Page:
Cotton Yields, Prices Propel Purchases of Cotton Equipment

January 31, 2017 08:55 AM

“I think southwest Oklahoma and the Texas Panhandle; moods are really high right now,” said Christian Herrera, of Western Equipment, an equipment dealer covering Oklahoma and Texas.

The blanket of white cotton this year is fabricating record yields for growers in Oklahoma and Texas. 

“We had a great cotton crop, we're looking to add a lot more acres,” said Herrera.

“I was told by the parts manager at Altus, Ok. that some of the guys were making 5-bale cotton,” said Andy Vloedman of Western Equipment. “I have never heard of anybody making 5-bale cotton, but there are a few doing that.”

Normal yields for this area is 3 to 3.5 bales per acre, and that’s for irrigated acres. Those high yields are even causing growers to second guess if their yield monitor was calibrated correctly. 

“We actually had some guys that called us back and said, ‘I don't think this is right,’” said Vloedman. “We went out and said, ‘Yes, it really is making this.’”

Rains were right on schedule and cotton prices found momentum, creating the perfect storm for growers fortunate enough to get the moisture. That helped spark new momentum for cotton pickers.

“Late 2016, early 2017, we started to see cotton picker prices; you can tell they're higher,” said Greg Peterson, host of Machinery Pete TV, to U.S. Farm Report host Tyne Morgan.

“We're seeing a lot of guys wanting to get new equipment and get out there and plant some more acres,” said Herrera.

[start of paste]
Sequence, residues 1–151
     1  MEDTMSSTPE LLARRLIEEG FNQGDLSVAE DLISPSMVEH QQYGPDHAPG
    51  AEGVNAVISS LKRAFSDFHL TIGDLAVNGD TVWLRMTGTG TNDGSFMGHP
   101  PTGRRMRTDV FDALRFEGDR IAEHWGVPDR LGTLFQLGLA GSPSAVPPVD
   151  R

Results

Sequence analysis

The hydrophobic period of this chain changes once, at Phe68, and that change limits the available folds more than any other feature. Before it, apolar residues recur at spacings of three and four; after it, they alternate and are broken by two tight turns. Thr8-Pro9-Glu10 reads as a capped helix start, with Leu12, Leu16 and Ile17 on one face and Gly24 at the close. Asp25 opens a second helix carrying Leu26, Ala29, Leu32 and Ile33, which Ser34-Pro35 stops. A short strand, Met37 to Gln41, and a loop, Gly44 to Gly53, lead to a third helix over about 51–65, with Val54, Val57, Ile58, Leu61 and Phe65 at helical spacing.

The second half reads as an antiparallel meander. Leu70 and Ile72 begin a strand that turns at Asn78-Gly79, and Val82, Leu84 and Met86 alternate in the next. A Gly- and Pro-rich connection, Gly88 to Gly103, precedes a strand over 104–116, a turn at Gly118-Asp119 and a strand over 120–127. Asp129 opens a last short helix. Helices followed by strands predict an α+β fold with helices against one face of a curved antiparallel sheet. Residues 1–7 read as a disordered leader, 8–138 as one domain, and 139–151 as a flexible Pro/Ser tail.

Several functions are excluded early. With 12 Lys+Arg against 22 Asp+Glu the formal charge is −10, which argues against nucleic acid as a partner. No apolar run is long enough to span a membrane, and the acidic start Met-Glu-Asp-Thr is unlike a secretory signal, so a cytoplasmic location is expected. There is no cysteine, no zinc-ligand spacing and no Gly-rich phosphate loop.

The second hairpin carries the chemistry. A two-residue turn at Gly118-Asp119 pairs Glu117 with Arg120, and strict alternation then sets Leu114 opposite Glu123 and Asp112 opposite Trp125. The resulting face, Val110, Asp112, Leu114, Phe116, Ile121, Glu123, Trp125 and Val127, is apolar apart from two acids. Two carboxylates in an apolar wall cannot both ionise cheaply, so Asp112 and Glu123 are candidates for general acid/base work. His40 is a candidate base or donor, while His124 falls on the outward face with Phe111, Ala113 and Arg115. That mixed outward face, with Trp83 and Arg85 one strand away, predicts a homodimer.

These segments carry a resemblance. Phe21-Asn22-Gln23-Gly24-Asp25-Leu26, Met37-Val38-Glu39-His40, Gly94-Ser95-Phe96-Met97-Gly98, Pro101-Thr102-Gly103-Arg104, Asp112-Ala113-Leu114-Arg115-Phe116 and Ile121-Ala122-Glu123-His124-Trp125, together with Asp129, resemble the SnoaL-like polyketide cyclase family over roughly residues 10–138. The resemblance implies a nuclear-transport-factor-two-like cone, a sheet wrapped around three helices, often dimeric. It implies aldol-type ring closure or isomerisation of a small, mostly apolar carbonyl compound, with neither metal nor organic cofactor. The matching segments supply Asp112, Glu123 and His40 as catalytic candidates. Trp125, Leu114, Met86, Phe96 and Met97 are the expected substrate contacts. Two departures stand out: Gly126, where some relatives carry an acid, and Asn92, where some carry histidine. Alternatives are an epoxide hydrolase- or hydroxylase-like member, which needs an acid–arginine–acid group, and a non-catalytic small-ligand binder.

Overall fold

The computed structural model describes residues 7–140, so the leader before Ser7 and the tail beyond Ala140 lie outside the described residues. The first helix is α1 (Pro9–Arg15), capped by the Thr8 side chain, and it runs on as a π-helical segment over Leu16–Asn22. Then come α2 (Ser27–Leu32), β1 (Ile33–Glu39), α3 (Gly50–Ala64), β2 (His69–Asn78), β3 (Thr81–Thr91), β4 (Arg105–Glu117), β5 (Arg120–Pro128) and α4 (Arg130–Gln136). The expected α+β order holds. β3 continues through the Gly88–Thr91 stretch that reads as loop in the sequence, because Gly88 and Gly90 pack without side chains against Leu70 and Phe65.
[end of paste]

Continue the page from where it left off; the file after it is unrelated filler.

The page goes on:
Western Equipment says the demand is so high, they're pretty much sold out of new cotton picker balers, which is the opposite of where inventory was a year ago. It's more than just cotton equipment; the used market is also selling fast.  

“Used tractor prices, hay balers, incredibly strong values down there in northern Texas, Oklahoma, kind of showed up in 2016,” said Machinery Pete. “Whatever happens out there, if it's a market changes or the weather is in a good way for people, those items show up, and there's just more buyer interest.”

Since there was in imbalance between supply and demand, local dealers are trying to generate demand, while encouraging some to keep equipment for an extra year.

“We're trying to get the guys to hang onto them a little longer,” said Vloedman.  “Maintenance, and having programs in place and service programs in place.”

PrairieLand Partners covers much of Kansas, and they say with commodity prices, area farmers are interested in getting more life out of equipment. 

“There's definitely more interest in repairing what they have,” said Steve Kauffman, Director of Precision Equipment for PrairieLand Partners. “You know optimizing their used equipment and maybe staying with it for another year.”

“It is all about uptime,” said Brian Payne of John Deere. “That is one of the most important things that drives our customers. When it's planting season, spraying season, harvest season, they cannot afford down time, and uptime is the big driver.”

Planting may be a few months away for some farmers, but dealers say preparation for a smooth season should start now. 

“They trust the mechanics, they trust our shops, and they feel like we can rebuild the machine and get it back to useable condition, add more life to that machine, and as they maybe decide not to trade machines or buy new, they're going to have to rebuild the machines,” said Brian Koehn, Corporate Parts Manager, PrairieLand Partners.

The decision to hold or buy isn't an easy one for growers, but dealers say if you're trying to get more years out of what you have, making sure each piece of used machine is running on all cylinders should be a priority to kick off 2017.

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